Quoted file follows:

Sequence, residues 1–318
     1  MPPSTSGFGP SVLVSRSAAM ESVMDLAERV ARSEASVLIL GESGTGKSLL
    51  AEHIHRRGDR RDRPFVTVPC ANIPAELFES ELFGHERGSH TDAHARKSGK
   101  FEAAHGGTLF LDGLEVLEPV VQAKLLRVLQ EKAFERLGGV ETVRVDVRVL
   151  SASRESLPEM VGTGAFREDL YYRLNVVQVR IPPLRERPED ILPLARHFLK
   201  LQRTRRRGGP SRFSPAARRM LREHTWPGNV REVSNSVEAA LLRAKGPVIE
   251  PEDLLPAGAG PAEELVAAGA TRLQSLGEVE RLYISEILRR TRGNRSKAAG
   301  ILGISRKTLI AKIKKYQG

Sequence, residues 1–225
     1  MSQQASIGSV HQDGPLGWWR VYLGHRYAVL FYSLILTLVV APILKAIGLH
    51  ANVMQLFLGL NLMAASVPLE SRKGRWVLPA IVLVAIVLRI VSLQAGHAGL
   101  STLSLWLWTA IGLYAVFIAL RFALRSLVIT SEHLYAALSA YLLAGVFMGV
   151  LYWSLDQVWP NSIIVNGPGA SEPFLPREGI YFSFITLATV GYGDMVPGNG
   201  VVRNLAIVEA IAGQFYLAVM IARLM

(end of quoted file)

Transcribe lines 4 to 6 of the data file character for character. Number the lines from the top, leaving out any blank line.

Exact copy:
   101  FEAAHGGTLF LDGLEVLEPV VQAKLLRVLQ EKAFERLGGV ETVRVDVRVL
   151  SASRESLPEM VGTGAFREDL YYRLNVVQVR IPPLRERPED ILPLARHFLK
   201  LQRTRRRGGP SRFSPAARRM LREHTWPGNV REVSNSVEAA LLRAKGPVIE